Prince Edward County, VAGenWeb     



Farmville



Farmville -- the Town of Farmville was formed in 1798, and was incorporated in 1912. The county seat was moved from Worsham to Farmville in 1871.

Farmville is situated about seventy miles south-westerly from the City of Richmond. It was established in 1798, on the property of Judith Randolph. Charles Scott, Peter Johnston, John Randolph, Jr., Philip Holcomb, Jr., Martin Smith, Blake B. W. Woodson and Creed Taylor, were appointed Trustees to Jay off the town in half-acre lots, on which the purchaser was required to build within seven years. The new town prospered from the very beginning and, in 1872, became the County-seat.

The community boasts two newspaper printing offices ; the "Herald" and the "Leader"; three banks, one Baptist, one Episcopal, one Methodist Episcopal, and one Presbyterian Church, for white people, and two Baptist, and one Methodist Episcopal Church, for colored people; one Conservatory of Music: a fine Motion Picture Treatre; and the educational institutions above noted. It possesses two fine grist mills. The "Farmville Mill," established in 1838, is the oldest in the county. It has a fine re-inforced cement elevator, with a capacity of 50,000 bushels, erected in 1921 at a cost of $30,000, which compares most favorably with any of its kind in the State.

The "Prince Edward Mill," operated by the Prince Edward Milling Company, composed of Thomas Asbury Gray, William S. Gray, and Leland H. Green, began operations in 1914. This mill has a capacity of 50 barrels of flour, 500 bushels of meal, 5,000 pounds of chop, and 2,000 pounds of mill feed, per day. In connection with the mill, the same company, operating under the name of the Prince Edward Ice Company, conducts an up-to-date ice plant and cold storage warehouse, with a capacity of 15 tons of ice per day, and separate storage facilities for eggs, poultry, apples, ice cream, and ice. This entire plant has a valuation of $60,000.

The Farmville Ice Plant, owned and managed by William C. Newman, was opened for business in 1909. The plant has a capacity of forty tons of ice per day, but specializes in ice cream, and, besides enjoying a large local patronage, ships its product to many outside points. The plant, with its equipment, represents an investment of about $50,000.

Four automobile concerns minister to the automotive necessities of the people.

In the matter of hotel accommodation^ the traveling public is well cared for: The historic "Prince Edward Hotel" is owned and managed by Mr. Charles T. Chick. The "Continental Hotel," managed by Mr. J. O. Hardaway, is also owned by Mr. Chick. The third hotel, the "Ingersoll," is presided over by the Ingersoll Brothers.

Two large lumber concerns are located here; the Taylor Manufacturing Company, organized to succeed the Buffalo Mills Company, in 1919, and specializing in building materials; and the Farmville Manufacturing Company, organized in 1878 in succession to a concern originally located in Amelia county, and specializing in plow handles and building materials. The officers of the Farmville Manufacturing Company are, George M. Robeson, President ; Floyd B. Gilbert, Vice- President, and Erna L. Perrow, Secy.-Treas. The officers of the Taylor Manufacturing Company are, Bennett T. Taylor, Prospect, Va., President; Edward S. Taylor, Prospect, Va., Vice-President, and H. Carl Holesapple, Farmville, Secty.- Treas.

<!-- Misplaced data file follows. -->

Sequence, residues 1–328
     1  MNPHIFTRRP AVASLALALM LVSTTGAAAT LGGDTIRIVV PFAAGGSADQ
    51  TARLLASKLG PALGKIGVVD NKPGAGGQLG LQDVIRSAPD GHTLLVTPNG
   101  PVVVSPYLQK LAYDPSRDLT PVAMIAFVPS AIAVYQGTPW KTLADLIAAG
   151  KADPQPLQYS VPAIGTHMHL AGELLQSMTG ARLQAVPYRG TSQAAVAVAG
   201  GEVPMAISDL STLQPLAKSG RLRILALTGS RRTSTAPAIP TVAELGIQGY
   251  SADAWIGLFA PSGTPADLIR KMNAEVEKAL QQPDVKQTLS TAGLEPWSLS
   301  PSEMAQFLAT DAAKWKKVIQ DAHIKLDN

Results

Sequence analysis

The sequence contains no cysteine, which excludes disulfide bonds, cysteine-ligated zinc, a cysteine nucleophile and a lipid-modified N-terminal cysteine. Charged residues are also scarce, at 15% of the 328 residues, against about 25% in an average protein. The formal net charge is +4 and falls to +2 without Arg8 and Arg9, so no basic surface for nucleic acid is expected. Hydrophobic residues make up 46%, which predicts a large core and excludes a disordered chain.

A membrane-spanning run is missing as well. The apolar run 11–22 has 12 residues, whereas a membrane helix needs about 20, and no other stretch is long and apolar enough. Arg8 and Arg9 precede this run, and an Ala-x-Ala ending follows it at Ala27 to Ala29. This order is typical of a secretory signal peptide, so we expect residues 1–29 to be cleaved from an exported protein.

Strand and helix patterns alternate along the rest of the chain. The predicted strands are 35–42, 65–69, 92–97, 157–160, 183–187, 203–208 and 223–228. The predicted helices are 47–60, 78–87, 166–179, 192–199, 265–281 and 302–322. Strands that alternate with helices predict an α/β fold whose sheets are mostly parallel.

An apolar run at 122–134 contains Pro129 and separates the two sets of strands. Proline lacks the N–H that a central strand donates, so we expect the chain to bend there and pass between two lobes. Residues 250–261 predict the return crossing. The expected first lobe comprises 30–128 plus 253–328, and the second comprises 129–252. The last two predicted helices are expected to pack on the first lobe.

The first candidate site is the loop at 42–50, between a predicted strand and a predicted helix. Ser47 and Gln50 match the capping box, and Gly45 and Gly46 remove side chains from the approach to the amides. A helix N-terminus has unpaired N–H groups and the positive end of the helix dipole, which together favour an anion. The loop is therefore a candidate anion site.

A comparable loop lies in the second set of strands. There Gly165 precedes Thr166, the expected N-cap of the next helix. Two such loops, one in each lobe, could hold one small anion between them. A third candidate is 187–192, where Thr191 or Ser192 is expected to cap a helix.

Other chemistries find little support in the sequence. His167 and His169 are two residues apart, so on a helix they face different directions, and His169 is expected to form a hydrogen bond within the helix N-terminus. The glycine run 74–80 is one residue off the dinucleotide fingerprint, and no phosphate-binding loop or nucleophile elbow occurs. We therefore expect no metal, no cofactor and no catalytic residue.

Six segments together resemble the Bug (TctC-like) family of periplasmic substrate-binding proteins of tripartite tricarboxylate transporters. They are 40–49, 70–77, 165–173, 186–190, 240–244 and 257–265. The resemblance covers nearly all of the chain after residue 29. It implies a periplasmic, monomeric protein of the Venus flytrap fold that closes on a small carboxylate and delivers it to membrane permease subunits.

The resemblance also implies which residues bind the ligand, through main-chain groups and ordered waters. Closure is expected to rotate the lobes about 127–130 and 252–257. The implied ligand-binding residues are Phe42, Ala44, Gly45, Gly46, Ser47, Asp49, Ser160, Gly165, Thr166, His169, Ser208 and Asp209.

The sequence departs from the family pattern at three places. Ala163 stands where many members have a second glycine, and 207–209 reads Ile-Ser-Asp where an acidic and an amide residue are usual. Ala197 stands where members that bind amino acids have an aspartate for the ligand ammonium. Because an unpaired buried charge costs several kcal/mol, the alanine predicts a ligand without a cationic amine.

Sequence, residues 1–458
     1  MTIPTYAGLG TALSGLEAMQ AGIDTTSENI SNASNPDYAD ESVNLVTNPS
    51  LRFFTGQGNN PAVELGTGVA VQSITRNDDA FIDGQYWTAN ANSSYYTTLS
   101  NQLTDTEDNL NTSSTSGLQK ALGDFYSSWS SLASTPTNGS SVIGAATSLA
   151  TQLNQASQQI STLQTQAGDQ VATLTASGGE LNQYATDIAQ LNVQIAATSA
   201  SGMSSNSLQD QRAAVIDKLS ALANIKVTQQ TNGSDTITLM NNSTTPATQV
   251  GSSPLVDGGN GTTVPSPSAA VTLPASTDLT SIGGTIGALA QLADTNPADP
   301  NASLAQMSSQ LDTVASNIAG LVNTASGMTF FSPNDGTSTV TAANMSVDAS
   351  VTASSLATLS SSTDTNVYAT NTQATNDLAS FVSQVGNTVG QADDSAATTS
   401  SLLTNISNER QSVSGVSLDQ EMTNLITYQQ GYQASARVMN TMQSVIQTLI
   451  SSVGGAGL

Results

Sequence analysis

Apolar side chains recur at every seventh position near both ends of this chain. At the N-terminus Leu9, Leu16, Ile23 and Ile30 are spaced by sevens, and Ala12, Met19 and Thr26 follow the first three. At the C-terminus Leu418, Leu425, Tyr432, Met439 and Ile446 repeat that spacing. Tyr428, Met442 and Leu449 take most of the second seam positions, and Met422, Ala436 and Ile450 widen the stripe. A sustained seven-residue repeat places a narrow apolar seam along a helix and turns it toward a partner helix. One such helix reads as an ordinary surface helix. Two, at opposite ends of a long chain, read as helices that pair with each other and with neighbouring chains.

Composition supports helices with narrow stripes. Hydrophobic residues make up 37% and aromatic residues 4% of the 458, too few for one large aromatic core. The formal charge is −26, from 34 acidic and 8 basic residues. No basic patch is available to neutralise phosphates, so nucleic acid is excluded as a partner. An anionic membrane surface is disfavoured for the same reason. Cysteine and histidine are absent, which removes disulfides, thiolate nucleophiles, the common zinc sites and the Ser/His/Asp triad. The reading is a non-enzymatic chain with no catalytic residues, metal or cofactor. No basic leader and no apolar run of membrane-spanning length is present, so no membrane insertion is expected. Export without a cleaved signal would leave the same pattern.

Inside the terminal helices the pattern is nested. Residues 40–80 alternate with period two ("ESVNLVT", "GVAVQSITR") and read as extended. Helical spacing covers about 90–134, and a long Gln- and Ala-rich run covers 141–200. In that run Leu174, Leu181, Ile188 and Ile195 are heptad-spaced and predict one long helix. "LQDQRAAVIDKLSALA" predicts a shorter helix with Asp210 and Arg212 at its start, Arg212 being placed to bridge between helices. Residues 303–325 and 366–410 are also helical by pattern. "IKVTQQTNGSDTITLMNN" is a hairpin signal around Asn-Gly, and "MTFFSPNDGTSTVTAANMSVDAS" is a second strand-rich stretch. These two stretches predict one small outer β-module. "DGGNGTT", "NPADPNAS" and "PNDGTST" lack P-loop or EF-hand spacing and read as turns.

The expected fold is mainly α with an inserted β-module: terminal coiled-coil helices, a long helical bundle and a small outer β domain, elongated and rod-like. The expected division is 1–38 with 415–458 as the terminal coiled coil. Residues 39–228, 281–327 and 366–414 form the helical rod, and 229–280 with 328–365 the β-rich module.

The Post Office, completed in 1920, is modern in all its appointment and is an adornment to the town.

Farmville is the center of the tobacco business for the county. Four tobacco factories are in regular operation, while five other factories are used for the hanging of tobacco. There are in addition, three warehouses and four storage houses. The property investment is well over the quarter million mark. An average of over 7,000,000 pounds of the weed are handled annually, for which approximately $1,000,000 is paid out every year.

A strong and flourishing Chamber of Commerce, of which Mr. W. Clyde Duvall is President; Mr. E. Waller Sanford, Secretary, and Mr. J. Barrye Wall, Treasurer, is in operation, and doing good work.

The officers of the municipality are:

James A. Davidson, Mayor.

N. B. Davidson; Dr. R. L. Hudgins; E. Lee Morris; E. Scott Martin; W. Clyde Duvall; W. C. Newman; H. A. Barrow; R. B. Cralle; E. Southall Shields, Councilors.

C. Booker Cunningham, Clerk.

Horace B. Warriner, Treasurer.

Leslie Fogus, Supt. of Public Utilities.

E. D. Lipscomb, Chief of Police.

J. W. Crute; T. S. Whitlock, and J. L. Sublett. police officers.

Dr. William E. Anderson, Public Health Officer.

Dr. William E. Anderson; Dr. J. H. Cocks, and Mrs. Koberta Large are the members of the Public School Board.

On March 1, 1912, an election of qualified voters was held in order to ascertain their will respecting the issue of school bonds for $25,000 to be used for the erection and furnishing of a new school house. The proposed issue was approved and, in process of time the present splendid school building was erected and put in use. The grounds cost $3,300. The present valuation of the entire property and equipment is in the neighborhood of $60,000.

The present teaching staff is as follows:

M. Blair Dickinson, A. B., M. A., Principal.

Herman Levy, A. B., B. S., Assistant Principal.

Miss Hannah Crawley, Danville College and University of Virginia.

Mrs. L. P. Davidson, L. I., Peabody College.

Miss Grace Beard, B. S., Farmville.

Mrs. Brazeal Hobson, State Normal, Farmville.

Mrs. John Lancaster, State Normal, Farmville.

Miss Ruth Woodruff, Averett College, Danville, Va.

Miss Virgie Bugg, State Normal, Farmville; Cornell and Columbia.